Animal Testing FAQs
Question – Wouldn’t research grind to a halt without animal experiments?
Answer – On the contrary, directing resources away from animal research towards the study of people would bring more relevant results. Even tests that have come to rely on animals would not be stopped because scientists quickly devise new techniques to achieve their objectives. For instance, the use of animals to test the potency of vaccines is traditional, but such an approach is of no value in assessing pneumonia vaccines because the causal organisms are not virulent for laboratory animals. The lack of an animal model provided the necessary incentive to devise a successful alternative based on chemical analysis and studies with volunteers.
Question – Without animal research, wouldn’t diabetes still be a death sentence?
Answer – The key advances in treating diabetes came from human studies and the techniques of chemical purification. Post – mortem analysis of human patients first of all established the link between diabetes and a damaged pancreas. This finding encouraged researchers to give pancreatic extracts to both laboratory animals and diabetic patients, but the extracts were so crude they caused severe toxicity. Even Banting and Best’s first human trial had to be stopped, with Banting admitting that results were not as encouraging as those achieved 13 years earlier by Zuelzer. Only when the biochemist JB Collip used chemical techniques to purify the extracts did a more effective and less toxic preparation become available.
Question – Can scientists carry out AIDS research without using animals?
Answer – It is not only possible but preferable to investigate AIDS without using animals. The fact that no “normal” animal has developed AIDS after inoculation with HIV suggests important species differences, and a Presidential Commission concluded in 1988 that “the lack of appropriate animal models for HIV research makes the application of animal research to humans uncertain.” So far, key insights into the understanding, prevention and treatment of AIDS have come from epidemiology and in vitro research. And although a large part of the AIDS budget is devoted to animal experiments, future advances are most likely to come from more relevant human-based clinical research.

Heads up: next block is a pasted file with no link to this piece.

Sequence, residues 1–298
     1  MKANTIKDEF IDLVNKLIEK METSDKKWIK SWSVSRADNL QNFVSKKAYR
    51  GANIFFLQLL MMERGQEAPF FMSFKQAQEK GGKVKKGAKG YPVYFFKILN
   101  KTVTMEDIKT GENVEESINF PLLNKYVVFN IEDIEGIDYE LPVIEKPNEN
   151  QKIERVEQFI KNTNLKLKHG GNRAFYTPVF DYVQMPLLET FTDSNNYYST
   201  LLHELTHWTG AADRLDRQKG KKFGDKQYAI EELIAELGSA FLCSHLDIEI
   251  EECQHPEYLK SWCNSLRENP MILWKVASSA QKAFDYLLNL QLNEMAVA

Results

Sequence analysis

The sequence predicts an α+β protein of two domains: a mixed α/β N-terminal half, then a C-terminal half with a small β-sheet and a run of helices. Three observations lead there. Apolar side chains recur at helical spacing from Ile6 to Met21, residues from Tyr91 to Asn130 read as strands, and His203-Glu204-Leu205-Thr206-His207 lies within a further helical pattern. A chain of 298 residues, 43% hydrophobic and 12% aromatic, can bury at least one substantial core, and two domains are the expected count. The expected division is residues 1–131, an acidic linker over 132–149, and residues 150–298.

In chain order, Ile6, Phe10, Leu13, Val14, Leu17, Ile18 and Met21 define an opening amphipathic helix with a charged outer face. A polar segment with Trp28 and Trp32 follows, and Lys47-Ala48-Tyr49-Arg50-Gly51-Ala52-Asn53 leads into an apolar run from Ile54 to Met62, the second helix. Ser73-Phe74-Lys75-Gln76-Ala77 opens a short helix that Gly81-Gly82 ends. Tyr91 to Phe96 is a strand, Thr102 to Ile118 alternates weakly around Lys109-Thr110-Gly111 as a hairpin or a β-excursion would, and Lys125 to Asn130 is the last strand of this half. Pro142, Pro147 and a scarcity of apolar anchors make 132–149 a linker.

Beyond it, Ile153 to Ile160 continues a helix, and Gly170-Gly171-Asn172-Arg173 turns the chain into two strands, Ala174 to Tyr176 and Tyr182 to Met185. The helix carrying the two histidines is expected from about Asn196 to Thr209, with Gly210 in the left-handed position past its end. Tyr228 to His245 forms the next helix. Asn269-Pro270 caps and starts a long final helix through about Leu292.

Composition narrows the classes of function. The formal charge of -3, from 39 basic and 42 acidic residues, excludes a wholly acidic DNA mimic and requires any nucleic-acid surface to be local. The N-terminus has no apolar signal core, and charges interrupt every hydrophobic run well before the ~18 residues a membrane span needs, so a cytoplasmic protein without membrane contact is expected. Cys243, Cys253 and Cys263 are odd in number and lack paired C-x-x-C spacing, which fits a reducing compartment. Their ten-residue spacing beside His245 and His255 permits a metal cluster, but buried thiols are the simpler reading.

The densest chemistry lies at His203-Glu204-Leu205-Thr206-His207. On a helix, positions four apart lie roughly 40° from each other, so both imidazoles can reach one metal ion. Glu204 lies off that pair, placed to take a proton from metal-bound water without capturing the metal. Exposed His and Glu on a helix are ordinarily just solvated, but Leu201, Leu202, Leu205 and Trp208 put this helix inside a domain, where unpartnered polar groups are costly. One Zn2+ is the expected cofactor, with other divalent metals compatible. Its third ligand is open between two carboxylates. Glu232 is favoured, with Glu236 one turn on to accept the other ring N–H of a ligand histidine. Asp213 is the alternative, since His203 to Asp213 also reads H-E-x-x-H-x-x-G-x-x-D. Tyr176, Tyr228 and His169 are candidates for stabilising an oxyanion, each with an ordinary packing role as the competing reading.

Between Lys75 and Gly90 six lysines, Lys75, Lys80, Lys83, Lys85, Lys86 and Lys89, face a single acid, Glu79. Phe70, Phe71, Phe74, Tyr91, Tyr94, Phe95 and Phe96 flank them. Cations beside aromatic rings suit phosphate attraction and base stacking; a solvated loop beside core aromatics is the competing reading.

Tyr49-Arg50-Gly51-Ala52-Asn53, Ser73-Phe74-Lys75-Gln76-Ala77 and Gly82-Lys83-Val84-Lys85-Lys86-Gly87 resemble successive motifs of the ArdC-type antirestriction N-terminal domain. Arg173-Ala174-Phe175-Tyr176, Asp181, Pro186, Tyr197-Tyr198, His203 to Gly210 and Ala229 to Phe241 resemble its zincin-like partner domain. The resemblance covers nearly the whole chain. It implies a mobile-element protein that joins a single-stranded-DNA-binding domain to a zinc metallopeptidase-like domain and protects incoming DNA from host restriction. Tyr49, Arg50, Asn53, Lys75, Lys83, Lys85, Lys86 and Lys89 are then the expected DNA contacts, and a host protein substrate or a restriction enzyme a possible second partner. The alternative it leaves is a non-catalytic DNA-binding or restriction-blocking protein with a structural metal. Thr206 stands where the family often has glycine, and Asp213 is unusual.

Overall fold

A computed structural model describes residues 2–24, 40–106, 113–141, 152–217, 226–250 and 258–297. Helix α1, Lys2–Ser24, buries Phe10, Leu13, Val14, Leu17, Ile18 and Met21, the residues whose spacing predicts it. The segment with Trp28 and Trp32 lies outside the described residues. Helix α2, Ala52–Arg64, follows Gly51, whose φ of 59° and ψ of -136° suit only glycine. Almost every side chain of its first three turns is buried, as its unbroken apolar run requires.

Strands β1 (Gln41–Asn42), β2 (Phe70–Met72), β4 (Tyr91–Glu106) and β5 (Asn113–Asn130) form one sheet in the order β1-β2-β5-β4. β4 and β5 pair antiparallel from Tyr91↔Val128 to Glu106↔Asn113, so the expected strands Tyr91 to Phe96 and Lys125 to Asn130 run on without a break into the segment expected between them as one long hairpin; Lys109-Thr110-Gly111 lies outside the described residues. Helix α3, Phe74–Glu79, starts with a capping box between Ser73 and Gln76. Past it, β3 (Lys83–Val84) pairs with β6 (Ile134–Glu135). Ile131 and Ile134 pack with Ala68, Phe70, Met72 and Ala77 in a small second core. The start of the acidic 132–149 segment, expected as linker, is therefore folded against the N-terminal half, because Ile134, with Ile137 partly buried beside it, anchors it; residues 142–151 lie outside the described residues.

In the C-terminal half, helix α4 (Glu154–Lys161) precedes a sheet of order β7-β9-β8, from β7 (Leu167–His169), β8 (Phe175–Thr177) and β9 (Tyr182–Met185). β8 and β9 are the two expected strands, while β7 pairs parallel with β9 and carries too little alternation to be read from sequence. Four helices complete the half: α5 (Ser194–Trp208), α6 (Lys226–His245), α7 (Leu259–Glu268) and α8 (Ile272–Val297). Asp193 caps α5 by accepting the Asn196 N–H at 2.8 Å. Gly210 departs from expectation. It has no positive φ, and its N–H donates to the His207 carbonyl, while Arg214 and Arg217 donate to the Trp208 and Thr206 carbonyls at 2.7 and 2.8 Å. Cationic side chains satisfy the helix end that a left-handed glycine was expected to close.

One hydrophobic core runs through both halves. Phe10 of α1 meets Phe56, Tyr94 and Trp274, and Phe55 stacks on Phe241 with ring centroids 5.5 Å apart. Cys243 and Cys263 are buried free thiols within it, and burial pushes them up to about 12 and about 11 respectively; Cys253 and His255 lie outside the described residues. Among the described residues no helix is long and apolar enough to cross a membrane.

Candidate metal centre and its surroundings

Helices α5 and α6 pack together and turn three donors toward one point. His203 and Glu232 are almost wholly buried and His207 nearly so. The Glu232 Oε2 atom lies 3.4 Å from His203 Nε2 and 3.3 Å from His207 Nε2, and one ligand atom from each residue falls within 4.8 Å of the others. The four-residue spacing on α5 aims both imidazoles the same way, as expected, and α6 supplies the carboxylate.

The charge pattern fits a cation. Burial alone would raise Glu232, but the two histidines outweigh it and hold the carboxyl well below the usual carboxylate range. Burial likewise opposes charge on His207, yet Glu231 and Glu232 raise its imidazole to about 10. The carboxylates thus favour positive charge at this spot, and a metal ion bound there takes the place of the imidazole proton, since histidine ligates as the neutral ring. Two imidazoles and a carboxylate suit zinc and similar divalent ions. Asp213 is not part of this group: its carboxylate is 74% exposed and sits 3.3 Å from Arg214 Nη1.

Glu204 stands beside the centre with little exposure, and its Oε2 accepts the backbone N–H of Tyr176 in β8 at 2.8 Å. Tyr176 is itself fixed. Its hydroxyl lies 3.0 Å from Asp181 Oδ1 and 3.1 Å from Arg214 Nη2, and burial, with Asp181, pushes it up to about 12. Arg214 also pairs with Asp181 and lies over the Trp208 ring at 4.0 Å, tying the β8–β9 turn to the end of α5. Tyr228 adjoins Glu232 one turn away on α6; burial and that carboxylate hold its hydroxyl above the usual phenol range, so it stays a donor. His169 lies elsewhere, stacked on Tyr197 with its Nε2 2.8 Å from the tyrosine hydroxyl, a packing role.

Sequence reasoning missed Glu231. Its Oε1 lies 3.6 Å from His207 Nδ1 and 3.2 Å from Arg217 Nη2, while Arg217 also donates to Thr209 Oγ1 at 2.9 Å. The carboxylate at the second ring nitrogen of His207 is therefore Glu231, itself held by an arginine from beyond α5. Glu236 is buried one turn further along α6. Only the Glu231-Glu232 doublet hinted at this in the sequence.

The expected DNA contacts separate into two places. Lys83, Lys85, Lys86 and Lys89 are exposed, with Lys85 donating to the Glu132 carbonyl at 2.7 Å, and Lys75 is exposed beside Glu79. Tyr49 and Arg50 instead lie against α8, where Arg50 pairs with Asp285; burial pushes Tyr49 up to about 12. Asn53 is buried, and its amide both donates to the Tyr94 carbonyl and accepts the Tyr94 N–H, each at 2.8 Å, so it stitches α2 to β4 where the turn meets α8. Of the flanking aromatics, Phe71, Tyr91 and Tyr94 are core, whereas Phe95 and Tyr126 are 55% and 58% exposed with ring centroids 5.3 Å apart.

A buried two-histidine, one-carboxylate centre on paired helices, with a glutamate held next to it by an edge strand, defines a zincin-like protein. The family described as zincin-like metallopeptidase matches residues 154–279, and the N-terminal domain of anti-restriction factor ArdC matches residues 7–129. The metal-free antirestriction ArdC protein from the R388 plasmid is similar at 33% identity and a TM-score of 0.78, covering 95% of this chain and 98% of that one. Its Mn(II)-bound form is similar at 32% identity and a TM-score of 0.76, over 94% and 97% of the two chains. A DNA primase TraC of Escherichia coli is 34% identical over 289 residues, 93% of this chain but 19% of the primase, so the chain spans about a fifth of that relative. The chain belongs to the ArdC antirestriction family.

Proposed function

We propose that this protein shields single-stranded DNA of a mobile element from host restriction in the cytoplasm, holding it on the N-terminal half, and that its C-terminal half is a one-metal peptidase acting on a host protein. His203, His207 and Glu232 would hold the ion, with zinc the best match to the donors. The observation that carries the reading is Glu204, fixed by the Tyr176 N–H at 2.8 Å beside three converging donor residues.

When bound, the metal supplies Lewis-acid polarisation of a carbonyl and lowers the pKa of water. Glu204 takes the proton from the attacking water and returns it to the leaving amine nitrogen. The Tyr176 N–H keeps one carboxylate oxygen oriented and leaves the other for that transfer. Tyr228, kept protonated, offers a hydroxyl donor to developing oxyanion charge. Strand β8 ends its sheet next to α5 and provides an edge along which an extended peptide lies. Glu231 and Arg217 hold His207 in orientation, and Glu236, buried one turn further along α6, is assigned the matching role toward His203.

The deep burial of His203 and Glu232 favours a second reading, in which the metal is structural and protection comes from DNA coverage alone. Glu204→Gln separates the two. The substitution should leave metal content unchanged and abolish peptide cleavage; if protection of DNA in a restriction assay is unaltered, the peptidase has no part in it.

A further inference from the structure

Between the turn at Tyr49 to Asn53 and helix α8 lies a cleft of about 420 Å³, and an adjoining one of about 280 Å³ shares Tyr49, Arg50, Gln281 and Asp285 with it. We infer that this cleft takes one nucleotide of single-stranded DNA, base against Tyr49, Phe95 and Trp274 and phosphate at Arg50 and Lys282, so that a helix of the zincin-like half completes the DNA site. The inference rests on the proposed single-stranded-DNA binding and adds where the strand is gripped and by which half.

Question – Would you rather your child die than experiment on animals?
Answer – With the constant risk of misleading predictions, the real choice is not between dogs and babies but between good and bad science. Vivisection is bad science because it only tells us about animals whereas in medicine we need to know about human disease.
Question – Are you saying that animal research has produced nothing of value?
Answer – Whatever has been learned, and many scientists and clinicians now contend that the value of animal research has been grossly overstated, the fundamental issue is that vivisection is a logically flawed technique because of physiological, anatomical and biochemical differences between humans and animals. Far more could be expected by concentrating resources on methods of more direct relevance to people.
Question – If vivisection is so unscientific, why does it continue?
Answer – There are powerful vested interests whose profits and livelihood depend on animal research. Apart from the profit-oriented drug companies and contract laboratories many scientists build their careers on animal experiments and forget it is human diseases which needs to be studied. Animal research is ideally suited to the “publish or perish” world of academic science; having obtained results from one species, researchers can try another, resulting in almost never-ending scope for publications. Animal research is also more “convenient” than clinical studies, again facilitating the rapid publication of research findings. Supplying the needs of university, government and industrial laboratories is also big business for the animal breeders and the cage and equipment suppliers.